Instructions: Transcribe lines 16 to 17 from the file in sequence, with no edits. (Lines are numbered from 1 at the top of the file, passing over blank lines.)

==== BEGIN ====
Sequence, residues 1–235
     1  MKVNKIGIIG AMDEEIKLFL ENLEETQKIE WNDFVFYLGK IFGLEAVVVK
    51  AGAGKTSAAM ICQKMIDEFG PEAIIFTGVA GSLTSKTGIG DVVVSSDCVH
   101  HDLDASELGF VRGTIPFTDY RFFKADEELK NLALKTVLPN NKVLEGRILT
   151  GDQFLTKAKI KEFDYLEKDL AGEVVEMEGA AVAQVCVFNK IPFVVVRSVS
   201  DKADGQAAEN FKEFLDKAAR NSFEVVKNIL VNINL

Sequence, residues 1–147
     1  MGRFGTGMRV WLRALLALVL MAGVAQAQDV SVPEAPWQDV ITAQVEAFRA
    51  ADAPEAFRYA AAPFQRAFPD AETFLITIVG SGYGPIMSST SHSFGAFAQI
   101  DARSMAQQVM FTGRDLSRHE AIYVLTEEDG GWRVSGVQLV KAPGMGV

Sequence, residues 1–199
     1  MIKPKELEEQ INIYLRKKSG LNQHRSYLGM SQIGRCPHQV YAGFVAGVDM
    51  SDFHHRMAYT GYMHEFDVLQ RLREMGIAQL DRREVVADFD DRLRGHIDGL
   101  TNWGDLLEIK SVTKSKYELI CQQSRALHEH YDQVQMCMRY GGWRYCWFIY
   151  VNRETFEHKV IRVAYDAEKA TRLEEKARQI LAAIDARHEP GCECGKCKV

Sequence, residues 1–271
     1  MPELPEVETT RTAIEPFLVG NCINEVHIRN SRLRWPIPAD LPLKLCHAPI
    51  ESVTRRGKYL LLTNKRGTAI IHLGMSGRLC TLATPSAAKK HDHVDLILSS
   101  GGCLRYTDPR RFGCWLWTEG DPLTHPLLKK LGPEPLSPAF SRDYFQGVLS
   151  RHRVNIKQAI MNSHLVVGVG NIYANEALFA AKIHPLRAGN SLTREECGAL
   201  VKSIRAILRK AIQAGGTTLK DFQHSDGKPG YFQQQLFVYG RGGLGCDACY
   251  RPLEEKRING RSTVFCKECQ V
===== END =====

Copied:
Sequence, residues 1–271
     1  MPELPEVETT RTAIEPFLVG NCINEVHIRN SRLRWPIPAD LPLKLCHAPI